OHOOHOH BUT WAIT! It's an atomic clock. My answer: so wat?

    and then "but in essence I have a problem with our concept of time"

    So my new question is how would I go about justifying time as we currently define it.
  7. Oct 20, 2008 #6
    Why don't you work at leading him to understand relativity the way it was discovered historically?

    Light exhibits properties of a wave. With mechanical waves (sound, waver, etc), the speed of a wave is constant with respect to its medium.

    What does it mean for the speed to be constant with respect to its medium? Take a pool of water on a bus. Drop a ball in the middle of the pool, and waves will travel outwards away from the point the ball came in contact with the water. No matter how hard you throw the ball into the water or how heavy the ball is, the waves move the same speed.

    But the velocity of those waves is relative to the water in the pool. If the bus carrying the pool is at rest, then the waves will travel at however many meters per second in all directions. If the bus is moving, though, the waves moving in the direction of the bus will be moving faster, because you add the bus's speed to the speed of the waves. Similarly, the waves moving opposite the bus will move slower. Waves traveling perpendicular to the bus's motion will be unaffected.

    You have a problem with light. It can travel through empty space. What is the medium? There are no atoms. It's devoid of matter to act as a medium.

    Let's assume there IS a medium that permeates all of space. We call this the aether. Think of it as an invisible bus with an invisible pool on it. And instead of water waves, it's light. We should be able to watch the light waves and determine how fast our invisible bus (the aether) is traveling.

    Experiments were done exactly like this. Of them, the Michaelson Morley experiment is the most famous. And the result they found was the bus was also at rest. Always.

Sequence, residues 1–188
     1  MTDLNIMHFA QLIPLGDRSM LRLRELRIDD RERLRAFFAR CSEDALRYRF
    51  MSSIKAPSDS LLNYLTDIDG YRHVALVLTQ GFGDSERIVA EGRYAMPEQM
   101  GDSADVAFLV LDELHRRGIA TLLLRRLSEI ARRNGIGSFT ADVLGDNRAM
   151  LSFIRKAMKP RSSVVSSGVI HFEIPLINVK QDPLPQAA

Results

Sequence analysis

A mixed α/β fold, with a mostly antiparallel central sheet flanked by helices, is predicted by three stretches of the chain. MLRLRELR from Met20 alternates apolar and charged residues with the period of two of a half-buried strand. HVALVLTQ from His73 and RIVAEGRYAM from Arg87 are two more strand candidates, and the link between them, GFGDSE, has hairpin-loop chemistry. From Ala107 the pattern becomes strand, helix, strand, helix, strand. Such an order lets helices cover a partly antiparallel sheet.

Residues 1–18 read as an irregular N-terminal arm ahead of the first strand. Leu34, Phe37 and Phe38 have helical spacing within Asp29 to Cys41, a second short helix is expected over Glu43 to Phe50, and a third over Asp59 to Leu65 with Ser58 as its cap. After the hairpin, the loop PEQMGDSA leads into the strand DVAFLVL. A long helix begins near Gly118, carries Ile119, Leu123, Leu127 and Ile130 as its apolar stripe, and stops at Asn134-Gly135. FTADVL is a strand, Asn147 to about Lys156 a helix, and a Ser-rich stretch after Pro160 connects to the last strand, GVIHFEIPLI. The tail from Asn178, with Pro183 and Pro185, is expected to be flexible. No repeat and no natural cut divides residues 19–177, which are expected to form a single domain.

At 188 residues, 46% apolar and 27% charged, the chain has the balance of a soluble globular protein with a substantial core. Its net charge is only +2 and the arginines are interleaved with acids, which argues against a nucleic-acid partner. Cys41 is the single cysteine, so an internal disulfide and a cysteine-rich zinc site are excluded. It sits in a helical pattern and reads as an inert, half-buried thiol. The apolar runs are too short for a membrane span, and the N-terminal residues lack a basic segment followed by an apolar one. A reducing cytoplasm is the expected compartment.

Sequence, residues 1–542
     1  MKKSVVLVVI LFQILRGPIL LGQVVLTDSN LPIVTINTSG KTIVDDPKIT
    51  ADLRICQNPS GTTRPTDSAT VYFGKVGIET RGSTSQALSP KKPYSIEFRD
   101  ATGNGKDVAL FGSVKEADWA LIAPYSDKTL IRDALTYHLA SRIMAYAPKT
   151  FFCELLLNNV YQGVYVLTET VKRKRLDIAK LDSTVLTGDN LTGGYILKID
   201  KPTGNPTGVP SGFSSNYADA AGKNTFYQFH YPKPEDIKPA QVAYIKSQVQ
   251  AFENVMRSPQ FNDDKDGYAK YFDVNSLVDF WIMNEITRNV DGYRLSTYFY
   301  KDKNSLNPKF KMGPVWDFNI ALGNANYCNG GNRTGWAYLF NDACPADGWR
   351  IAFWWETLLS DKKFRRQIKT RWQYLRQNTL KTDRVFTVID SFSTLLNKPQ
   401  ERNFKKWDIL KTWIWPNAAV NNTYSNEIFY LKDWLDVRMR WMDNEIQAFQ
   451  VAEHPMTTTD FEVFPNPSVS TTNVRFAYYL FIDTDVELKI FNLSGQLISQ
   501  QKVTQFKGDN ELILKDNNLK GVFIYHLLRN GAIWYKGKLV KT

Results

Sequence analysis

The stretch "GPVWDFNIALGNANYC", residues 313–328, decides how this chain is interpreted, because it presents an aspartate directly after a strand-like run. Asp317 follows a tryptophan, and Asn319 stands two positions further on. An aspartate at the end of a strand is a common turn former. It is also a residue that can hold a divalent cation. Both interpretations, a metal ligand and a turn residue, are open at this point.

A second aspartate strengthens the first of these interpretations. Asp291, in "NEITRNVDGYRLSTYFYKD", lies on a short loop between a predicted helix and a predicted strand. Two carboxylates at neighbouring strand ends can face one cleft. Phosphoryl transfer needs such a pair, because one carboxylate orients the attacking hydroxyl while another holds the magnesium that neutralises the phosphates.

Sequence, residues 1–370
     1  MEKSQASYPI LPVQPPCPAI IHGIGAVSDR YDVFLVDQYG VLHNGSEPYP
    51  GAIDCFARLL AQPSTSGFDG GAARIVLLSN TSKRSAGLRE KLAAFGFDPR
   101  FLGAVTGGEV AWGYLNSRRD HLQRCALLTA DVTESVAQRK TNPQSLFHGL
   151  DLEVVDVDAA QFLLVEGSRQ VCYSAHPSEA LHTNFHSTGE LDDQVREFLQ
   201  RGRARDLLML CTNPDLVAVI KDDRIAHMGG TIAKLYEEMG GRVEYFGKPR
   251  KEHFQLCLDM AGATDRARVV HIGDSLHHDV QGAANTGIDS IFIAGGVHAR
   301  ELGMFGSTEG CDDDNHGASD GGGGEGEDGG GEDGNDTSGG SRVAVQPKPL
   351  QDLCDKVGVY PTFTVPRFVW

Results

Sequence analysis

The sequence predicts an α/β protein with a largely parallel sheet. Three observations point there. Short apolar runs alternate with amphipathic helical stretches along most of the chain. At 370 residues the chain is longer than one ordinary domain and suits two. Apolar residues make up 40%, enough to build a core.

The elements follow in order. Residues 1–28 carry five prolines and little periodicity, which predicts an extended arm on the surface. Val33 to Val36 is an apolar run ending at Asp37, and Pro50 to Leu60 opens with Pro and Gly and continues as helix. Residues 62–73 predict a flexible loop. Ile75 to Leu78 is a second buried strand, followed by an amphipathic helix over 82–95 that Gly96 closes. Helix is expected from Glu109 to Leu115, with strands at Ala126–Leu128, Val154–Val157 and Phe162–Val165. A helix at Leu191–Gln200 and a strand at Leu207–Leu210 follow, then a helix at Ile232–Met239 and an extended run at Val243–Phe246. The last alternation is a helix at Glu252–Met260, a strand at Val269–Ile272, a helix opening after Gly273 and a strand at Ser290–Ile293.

This doesn't make sense. In our invisible bus experiment, you might measure the speed of the light waves sitting on the side walk. At the same, I measured the speed of light waves while riding in a car at 30mph. But we BOTH measured the invisible bus to be going as fast as we were. So you measured it to be moving at the speed of the sidewalk and I measured it to be moving the same speed as my car. At the same time. This is a contradiction. One thing can't move at two speeds at the same time.

    This is the real significance of the idea that "the speed of light is a constant". It's not weird that it is constant, because all waves move at constant speed. It's weird because it's constant relative to who's measuring. And two people moving at different speeds measuring the same thing at the same time will get two different answers.

    How can we reconcile this? Well, we can, but it breaks every fiber of intuition in our minds. Times slows down for fast moving objects. So when you see me flying by in my car, time has slowed down for me. But it doesn't end there. The situation is symmetrical. I could just as easily say that I'm standing still in my car and YOU are the one who is moving. So to me, YOU are the one slowing down.

    You might ask "well, then who's REALLY slowing down?" The answer is that it depends who is measuring. To each, the other has slowed down. Miraculously, though, although the idea that time is relative is weird, it doesn't lead to contradictions, as long as nothing moves faster than the speed of light. Another consequence is that moving things become heavier. The closer you get to the speed of light, your mass begins to grow very fast, and it requires infinite energy for matter to reach that speed.

    How you go about demonstrating these things is sort of neat, but you can find the details if you surf the forum a bit.
  8. Oct 20, 2008 #7


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    Our current answer is that we use the theory of general relativity to define space and time. Within that theory there is an observer independent quantity called the "proper time", which is measured by an "ideal clock". As you noticed, this begs the question "What is an ideal clock?". Luckily atomic clocks are experimentally known to be ideal clocks. Our concept of time would presumably change when general relativity is found to be an insufficient framework in which to fit our observations.

    There's a fascinating story about how we have used different notions of time at different :rolleyes: times, and how we cannot discard the old ones even after we have a new notion (Audoin and Guinot, Chapter 4 http://books.google.com/books?id=LqdgUcm03A8C).